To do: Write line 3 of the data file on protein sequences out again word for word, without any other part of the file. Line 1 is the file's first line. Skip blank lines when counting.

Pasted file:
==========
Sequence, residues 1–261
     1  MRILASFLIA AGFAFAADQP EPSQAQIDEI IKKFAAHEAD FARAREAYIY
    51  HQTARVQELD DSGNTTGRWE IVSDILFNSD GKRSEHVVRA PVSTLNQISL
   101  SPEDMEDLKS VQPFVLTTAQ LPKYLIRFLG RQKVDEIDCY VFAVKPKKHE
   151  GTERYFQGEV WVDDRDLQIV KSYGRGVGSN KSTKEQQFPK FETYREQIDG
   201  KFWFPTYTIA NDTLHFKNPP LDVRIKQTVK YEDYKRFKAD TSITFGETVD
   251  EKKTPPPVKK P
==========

    51  HQTARVQELD DSGNTTGRWE IVSDILFNSD GKRSEHVVRA PVSTLNQISL